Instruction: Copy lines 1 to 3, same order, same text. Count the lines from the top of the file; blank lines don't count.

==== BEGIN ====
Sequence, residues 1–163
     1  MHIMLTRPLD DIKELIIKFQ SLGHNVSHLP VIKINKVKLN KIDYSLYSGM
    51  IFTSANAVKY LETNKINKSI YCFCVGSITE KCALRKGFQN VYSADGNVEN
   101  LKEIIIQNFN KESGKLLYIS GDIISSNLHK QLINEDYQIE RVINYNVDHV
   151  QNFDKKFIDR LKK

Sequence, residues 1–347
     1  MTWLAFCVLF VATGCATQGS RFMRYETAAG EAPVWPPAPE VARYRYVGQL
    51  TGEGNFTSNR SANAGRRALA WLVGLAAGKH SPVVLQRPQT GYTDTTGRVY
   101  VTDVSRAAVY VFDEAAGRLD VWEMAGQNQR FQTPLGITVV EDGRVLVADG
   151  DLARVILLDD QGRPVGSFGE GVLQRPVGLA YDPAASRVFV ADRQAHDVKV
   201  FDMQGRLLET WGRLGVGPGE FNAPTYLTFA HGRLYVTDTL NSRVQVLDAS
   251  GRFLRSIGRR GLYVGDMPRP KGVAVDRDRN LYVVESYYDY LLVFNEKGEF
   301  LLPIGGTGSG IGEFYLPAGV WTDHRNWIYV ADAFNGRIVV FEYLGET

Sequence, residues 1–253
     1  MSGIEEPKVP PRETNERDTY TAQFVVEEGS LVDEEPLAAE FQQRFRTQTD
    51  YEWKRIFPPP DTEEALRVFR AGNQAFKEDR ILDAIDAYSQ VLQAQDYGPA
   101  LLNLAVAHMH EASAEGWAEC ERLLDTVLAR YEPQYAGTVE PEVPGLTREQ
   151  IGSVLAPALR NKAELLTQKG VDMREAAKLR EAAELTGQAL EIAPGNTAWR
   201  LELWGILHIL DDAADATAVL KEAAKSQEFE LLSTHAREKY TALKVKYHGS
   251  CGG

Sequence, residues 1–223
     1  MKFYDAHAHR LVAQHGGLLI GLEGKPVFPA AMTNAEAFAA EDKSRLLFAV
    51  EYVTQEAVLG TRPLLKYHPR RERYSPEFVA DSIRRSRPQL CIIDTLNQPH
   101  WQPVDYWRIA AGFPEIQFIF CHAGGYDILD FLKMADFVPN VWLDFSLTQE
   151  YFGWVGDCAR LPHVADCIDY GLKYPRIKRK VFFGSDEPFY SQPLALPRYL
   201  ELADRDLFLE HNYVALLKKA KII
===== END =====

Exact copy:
Sequence, residues 1–163
     1  MHIMLTRPLD DIKELIIKFQ SLGHNVSHLP VIKINKVKLN KIDYSLYSGM
    51  IFTSANAVKY LETNKINKSI YCFCVGSITE KCALRKGFQN VYSADGNVEN